With the uncertainties still trailing a Malaysia Airlines passenger plane that disappeared last month with 239 passengers onboard, a Virgin Australia plane has reportedly been forced to land at Bali airport today after a suspected hijacking.
According to Indonesian officials, a passenger reportedly tried to enter the plane’s cockpit and the pilot described the action as a hijack.
It is not yet known if the plane was forced to land by people on the plane or whether it was escorted in by fighter jets.
However, the passenger, who is said to be drunk, has been reported to have been arrested.
* An instagram picture of the Virgin plane after it was forced to land in Bali
“We got information that a 737-800 from Brisbane to Bali has been hijacked,’ spokesman Hadi Tjahjanto told MetroTV television station, adding it was a Virgin flight.
‘The pilot indicated that the plane has been hijacked,’ senior transport ministry official Harry Bhakti said on MetroTV.
‘There’s an information that a passenger tried to get into a cockpit, we are investigating.’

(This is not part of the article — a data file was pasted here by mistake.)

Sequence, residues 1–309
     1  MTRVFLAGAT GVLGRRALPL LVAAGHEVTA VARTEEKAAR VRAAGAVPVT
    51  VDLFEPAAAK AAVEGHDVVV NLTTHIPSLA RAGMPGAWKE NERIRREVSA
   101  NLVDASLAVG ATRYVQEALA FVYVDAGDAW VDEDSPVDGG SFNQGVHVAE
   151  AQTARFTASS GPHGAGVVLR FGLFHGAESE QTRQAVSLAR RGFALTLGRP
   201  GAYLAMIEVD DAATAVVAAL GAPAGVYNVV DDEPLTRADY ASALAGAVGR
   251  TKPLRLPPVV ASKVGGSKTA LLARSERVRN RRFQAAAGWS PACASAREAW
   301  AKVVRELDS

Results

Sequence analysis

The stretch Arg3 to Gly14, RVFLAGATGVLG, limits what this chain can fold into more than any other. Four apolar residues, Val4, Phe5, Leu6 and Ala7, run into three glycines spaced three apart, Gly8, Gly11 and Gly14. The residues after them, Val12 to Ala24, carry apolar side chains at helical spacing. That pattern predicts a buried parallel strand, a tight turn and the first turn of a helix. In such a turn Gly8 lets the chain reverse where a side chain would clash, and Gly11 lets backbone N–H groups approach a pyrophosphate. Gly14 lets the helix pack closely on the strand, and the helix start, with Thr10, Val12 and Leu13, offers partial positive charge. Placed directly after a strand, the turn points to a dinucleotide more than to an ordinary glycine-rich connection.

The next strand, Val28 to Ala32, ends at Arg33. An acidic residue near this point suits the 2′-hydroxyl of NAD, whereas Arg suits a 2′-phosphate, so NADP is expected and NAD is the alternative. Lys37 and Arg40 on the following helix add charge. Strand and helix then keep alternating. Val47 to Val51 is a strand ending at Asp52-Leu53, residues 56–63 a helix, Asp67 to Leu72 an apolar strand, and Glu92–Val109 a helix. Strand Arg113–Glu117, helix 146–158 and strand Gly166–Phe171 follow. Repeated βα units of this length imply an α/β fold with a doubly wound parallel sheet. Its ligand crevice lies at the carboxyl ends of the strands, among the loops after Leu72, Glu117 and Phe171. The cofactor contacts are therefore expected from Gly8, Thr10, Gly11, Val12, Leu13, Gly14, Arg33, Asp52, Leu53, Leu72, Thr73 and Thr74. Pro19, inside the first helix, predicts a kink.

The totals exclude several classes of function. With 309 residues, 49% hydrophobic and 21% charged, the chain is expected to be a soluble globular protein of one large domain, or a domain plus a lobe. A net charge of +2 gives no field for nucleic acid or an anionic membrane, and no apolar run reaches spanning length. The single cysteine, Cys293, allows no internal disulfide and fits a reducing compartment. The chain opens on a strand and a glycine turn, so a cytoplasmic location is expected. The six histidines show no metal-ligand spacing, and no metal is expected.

A passenger on a Garuda flight that was about to take off from Bali, Palani Mohan, told Dailymail reporter: ‘The captain of my plane made an announcement saying we were delayed indefinitely because a hijack was going on in Bali airport, about 150 metres away from us.
‘I saw at least five vehicles including military-style trucks, filled with men in uniform, rushing towards the plane.
‘Then the Virgin plane taxied away, followed by the convoy of security forces. The flight attendant said it’s been taken off to a different part of the airport.
‘Bali airport seems to be in lockdown, we’ve been told no planes will be departing or arriving. The pilot’s not allowing anyone off our plane.’
Virgin Blue Airlines, also known as Virgin Australia, is the country’s second largest airline.
Started in 2000 with just two planes, within a decade it was expanded to serve 29 cities in Australia and destinations in New Zealand as well as Bali in Indonesian, Phuket in Thailand, Abu Dhabi in the UAE and Los Angeles.
Based in Brisbane, it was set up Sir Richard Branson and Brett Godfrey.